Trusts are nice if you receive money from one every month, but for some, they get complicated. If your client inherits real property through a trust, don’t panic; instead, review these steps to help your client obtain control of the home.

  • If there are multiple beneficiaries, hire an attorney, and think win-win to build family relationships.

Trusts are nice if you receive money from one every month, but for some, they get complicated. If your client inherits real property through a trust, don’t panic; instead, review these steps to help your client obtain control of the home.

Step 1: Who are the trustor, trustee and beneficiary?

A trust is a legal entity that has three parties.

  • Trustor: the person who created the trust by contributing the real property and establishing the legal terms. Also referred to as a grantor or settlor.
  • Trustee: the person who will carry out the terms of the trust.
  • Beneficiary: the person who will receive the benefits of the trust; in this case, most likely your client who has received real property.

An important note: these roles could be distributed only between two individuals. For example, one individual could be both the trustee and the beneficiary.

Step 2: Is it a testamentary trust or an inter vivos trust?

Your client likely received the property from either a testamentary trust or an inter vivos trust.

A testamentary trust is created at the death of the trustor; an inter vivos trust is created while the trustor is still living.

Step 3: Is it revocable or irrevocable?

Each type of trust can be either revocable or irrevocable. A revocable trust allows for the reassignment of the beneficiaries; an irrevocable trust does not.

For example, if a trust is revocable, the trustor could change the beneficiary from her son to her daughter. Trusts are assumed to be irrevocable unless they are specified to be revocable.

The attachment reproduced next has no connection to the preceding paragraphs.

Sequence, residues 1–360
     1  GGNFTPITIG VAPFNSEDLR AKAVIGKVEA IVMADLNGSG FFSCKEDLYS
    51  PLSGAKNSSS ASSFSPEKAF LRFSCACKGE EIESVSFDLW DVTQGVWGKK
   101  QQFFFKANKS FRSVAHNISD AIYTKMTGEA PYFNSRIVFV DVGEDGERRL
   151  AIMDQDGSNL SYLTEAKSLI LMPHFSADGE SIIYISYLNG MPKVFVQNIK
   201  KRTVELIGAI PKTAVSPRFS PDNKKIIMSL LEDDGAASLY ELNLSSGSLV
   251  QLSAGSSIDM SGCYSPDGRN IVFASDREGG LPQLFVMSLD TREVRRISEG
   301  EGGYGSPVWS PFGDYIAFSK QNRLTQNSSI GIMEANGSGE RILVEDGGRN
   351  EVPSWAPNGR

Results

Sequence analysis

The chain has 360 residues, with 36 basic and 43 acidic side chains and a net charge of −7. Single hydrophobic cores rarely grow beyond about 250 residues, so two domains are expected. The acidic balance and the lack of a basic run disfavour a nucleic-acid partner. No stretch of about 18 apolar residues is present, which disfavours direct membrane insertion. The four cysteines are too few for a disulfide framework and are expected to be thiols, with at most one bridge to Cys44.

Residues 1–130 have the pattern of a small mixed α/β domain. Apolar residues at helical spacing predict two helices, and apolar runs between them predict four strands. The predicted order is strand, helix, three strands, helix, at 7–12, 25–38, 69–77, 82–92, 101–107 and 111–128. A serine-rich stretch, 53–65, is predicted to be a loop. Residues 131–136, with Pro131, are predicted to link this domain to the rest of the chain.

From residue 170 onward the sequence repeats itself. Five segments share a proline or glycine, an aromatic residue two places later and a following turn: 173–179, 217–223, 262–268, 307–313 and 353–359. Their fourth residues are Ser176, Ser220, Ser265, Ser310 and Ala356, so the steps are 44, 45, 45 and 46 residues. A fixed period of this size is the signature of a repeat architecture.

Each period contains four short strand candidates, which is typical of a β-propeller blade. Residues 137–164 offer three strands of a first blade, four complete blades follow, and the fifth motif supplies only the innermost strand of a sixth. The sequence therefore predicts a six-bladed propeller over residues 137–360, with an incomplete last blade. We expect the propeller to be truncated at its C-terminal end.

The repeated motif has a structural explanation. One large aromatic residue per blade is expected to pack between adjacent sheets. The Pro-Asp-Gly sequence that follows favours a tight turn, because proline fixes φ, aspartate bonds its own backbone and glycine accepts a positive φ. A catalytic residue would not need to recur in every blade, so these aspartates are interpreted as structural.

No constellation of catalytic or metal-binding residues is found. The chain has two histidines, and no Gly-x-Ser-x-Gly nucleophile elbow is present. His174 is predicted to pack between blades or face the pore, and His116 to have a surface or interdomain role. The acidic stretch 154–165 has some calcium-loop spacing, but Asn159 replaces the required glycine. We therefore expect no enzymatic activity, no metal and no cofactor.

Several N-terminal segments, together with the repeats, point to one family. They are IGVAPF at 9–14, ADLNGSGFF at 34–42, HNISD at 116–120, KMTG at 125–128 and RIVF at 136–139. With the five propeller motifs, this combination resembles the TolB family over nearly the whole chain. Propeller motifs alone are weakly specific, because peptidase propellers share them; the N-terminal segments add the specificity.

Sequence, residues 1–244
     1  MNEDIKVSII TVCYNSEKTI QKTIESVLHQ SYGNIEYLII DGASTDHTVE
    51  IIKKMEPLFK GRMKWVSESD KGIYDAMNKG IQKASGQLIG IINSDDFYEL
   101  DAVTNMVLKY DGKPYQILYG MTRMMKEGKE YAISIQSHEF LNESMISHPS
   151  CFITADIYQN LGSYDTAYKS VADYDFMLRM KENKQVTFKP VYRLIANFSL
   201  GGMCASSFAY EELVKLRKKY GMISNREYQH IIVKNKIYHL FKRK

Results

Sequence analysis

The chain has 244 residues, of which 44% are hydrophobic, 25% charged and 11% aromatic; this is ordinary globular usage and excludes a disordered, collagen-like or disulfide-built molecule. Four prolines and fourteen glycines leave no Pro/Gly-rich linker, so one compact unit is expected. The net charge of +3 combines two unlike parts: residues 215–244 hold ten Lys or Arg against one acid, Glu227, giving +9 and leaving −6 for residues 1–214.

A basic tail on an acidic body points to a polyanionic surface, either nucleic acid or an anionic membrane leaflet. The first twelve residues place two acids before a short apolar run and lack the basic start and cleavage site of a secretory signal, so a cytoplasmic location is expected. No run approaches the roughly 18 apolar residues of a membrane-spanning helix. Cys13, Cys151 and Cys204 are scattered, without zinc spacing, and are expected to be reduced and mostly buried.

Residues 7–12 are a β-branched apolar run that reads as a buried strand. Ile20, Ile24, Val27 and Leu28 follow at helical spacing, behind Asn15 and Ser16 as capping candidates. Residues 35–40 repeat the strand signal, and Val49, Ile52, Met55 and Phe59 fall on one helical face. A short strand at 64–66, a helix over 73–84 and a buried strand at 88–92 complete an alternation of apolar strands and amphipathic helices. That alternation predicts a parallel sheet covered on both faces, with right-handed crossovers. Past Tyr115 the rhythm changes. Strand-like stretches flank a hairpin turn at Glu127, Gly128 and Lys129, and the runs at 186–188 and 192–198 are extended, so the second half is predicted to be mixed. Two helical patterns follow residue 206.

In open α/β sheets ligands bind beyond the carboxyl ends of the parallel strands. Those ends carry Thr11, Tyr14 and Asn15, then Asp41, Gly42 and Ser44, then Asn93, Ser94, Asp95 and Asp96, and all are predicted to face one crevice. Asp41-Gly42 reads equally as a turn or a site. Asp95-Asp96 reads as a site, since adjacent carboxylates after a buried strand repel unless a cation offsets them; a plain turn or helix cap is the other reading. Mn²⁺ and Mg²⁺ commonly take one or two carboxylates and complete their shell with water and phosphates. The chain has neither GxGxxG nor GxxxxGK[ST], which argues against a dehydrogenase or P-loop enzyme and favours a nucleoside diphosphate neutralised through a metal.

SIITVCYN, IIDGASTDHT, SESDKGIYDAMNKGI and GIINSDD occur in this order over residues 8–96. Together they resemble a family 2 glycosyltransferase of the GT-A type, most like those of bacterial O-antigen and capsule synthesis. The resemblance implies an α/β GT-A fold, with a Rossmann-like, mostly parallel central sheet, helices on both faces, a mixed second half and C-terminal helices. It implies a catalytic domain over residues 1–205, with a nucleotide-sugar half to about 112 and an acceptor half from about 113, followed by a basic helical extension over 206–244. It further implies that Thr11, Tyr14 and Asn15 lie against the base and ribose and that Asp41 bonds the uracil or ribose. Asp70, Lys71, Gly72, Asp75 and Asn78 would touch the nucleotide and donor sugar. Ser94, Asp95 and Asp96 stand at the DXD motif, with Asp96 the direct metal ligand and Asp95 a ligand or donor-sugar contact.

Irrevocable trusts can only be revoked through court.

Step 4: Are there multiple beneficiaries?

Trusts are created and used because of their tax benefits, specifically tax avoidance. However, they may cause more problems than they are worth when they name multiple beneficiaries.

Often, a well-intended mother will assign the family house to all three of her children upon her demise. When this happens, things become complicated, and this is where many long-lasting family lawsuits begin.

Step 5: If yes, you’ll need an attorney

If there are multiple beneficiaries, then it becomes very important to hire an attorney. Attorneys can be quite expensive; however, it is situations like these when they are worth their price.

Additionally, a professional appraiser may be of help to determine the value of the property.

Step 6: Buy out the other beneficiaries

Legally, each beneficiary will now be an owner of the entire property. That means each beneficiary can do mostly whatever he or she wants with nearly the entire property so long as he or she doesn’t oust the other beneficiaries.

Many people in this situation find this type of structure puts too much strain on the relationship and decide it is best for one beneficiary to buy the others out.

For example, three beneficiaries inherit the property. One beneficiary buys the ownership shares of the other two; now the first beneficiary is the sole owner of the property.

This process can also be tense, especially after the death of the beloved trustor. However, it is important for business to be treated as business.

The real estate agent can be of great service here. Each beneficiary should be paid fair market value for their share, emotions put aside.

(Does your client want to sell after the buyout? Go here.)

Step 7: If negotiations go awry, mediate

If negotiations for the buyout go poorly, mediation should be considered. Mediation provides a much more pleasant platform for finding a resolution than does traditional litigation. It is also quicker and more cost-effective.

Step 8: Avoid these common mistakes

Ultimately, avoid these common mistakes when dealing with a home trust.

  • Paying too little for the buyout. A beneficiary offering a decreased price for his or her share may seem like a good deal, however, it can hurt client on the backend through capital gain taxes and incorrect depreciation.
  • Not hiring competent professionals. Sometimes you really need a lawyer. This is one of those times.
  • Not thinking win-win. Usually, when a home trust is involved, family is involved. In those cases, as a real estate agent, it is best to help long-term family relationships and think win-win.

(Don’t get dumped by your clients.)

Jackson Cooper is a writer and real estate enthusiast at Jensen and Company. Follow Jensen & Company on Twitter or Facebook.

Email Jackson Cooper.

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